Each entry in your employment history should include:
- The company name
- The type of company (unless it's apparent from the name)
- Dates employed (month/year)
- Your last or current job title
- Your bulleted accomplishments for that position
Example: Burton Landscaping, Inc.
5/05 - 8/08
Accomplishments should be thought of as a) bottom-line benefits you provided to the company, b) the action you took to provide it, and c) the challenge you faced while providing it. To write a good accomplishment:
- State a benefit you provided to the company (such as a revenue increase, a goal reached, or a challenge met)
- Include the action you took to provide that benefit, demonstrating a strength you posess
- Mention what made it a challenge (such as the market economy, competition, or lack of funding)
Example: Increased client ROI 12% (benefit) during a market recession (challenge) by consolidating redundant properties to boost spend efficiency (action)
Accomplishments can be tricky, because they're not always easy to express in a number. If there is no realistic way to express an accomplishment in a number, try to provide a close estimation (it's best to underestimate by a small amount), or provide a general benefit that can be observed, such as "created a prominent market presence," or "developed a strong industry reputation."
The standard is one accomplishment for each year of employment, but this is not set in stone. Again, keywords are important.
Example: Burton Landscaping, Inc.
5/05 - 8/08
- Grew company revenue 26% over a 14-month period by increasing local advertising presence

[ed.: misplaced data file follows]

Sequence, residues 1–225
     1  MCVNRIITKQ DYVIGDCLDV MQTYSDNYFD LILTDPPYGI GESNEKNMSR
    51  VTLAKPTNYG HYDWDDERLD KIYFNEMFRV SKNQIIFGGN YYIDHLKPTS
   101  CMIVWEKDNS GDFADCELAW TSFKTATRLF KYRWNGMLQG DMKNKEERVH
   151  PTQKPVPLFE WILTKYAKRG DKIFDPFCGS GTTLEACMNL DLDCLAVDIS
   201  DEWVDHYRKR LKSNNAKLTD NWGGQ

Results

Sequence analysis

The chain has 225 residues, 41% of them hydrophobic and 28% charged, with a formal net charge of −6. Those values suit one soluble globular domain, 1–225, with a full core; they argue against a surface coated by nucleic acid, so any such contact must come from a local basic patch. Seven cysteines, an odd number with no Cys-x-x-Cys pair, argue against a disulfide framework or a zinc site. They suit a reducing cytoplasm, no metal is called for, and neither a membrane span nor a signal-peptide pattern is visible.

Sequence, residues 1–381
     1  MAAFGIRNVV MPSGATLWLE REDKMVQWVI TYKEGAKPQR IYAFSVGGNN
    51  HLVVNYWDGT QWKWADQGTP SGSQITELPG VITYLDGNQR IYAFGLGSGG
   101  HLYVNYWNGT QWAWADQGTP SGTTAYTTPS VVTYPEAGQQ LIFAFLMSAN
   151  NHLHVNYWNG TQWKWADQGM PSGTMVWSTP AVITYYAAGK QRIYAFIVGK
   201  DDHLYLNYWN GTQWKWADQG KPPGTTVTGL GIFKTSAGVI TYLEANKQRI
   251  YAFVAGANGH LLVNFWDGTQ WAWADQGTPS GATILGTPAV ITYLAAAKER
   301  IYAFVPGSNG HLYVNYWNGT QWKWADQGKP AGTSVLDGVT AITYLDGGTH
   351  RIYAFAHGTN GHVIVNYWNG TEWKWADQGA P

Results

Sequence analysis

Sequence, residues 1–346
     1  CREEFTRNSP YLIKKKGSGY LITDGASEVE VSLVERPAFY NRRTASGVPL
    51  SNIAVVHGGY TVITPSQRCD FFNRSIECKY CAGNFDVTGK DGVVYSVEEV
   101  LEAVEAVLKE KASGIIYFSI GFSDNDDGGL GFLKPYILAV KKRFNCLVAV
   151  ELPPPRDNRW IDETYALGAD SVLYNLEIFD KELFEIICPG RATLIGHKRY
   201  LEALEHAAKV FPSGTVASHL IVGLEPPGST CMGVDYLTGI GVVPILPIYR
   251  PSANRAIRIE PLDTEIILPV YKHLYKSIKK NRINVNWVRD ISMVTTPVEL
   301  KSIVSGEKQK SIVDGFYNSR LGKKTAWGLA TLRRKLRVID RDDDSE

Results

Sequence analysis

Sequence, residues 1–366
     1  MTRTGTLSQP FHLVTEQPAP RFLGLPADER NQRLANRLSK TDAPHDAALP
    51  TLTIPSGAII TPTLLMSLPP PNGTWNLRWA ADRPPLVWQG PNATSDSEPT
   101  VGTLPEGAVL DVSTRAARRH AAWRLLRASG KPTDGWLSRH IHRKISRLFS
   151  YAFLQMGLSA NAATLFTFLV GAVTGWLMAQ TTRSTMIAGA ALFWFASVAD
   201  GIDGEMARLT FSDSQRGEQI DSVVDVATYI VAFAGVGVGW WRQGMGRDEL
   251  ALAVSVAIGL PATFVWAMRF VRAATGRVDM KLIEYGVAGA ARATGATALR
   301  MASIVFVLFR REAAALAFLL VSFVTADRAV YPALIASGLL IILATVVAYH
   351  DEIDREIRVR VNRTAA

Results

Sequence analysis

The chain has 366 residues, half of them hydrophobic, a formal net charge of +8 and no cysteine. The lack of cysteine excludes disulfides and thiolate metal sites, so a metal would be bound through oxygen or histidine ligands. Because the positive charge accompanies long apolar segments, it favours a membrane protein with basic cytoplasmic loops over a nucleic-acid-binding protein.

- Increased repeat client base 35% in a highly competitive market by implementing and enforcing new client-facing protocol
- Turned a $38,000 investment into over $120,000 in gained revenue by introducing higher-tier equipment suppliers and exchanging sponsorships
For more information on accomplishments, see ExecutiveAgent.com.
The education portion of your resume is not as important as your experience, but many employers require a degree for consideration. This is also your opportunity to list your educational achievements. This section may include some or all of the following:
- School name
- Graduation date
- Degree (BA, MA)
- Any awards or distinctions
Example: University of California, Berkeley -- graduated May 2001
MPH: Public Health
Honors program graduate
Pi Kappa Phi honors society recognition
Here you can list any additional skills you have, computer applications you know, or any other information that is relevant to the rest of your resume or will help your job hunt. You may categorize it under "Skills," "Applications," "Organizations," or whatever describes what you are listing. Items can include:
- Relevant job skills that don't fit anywhere else
- Languages you speak
- Computer programs or systems you know
- Societies or organizations you've belonged to
- Non-work/school-related awards you've received
- Research you've done
- Works you've authored or published
Some people choose to list references on their resume, or include "References available upon request." Neither is required, and career transition companies often recommend no mention of references on resumes. (It is considerate to warn your references before they are to be contacted, so if you withhold your references until they're needed, you can be more certain of when they will be contacted.)
Keep a separate list of references, and be prepared to send it to a potential employer if asked.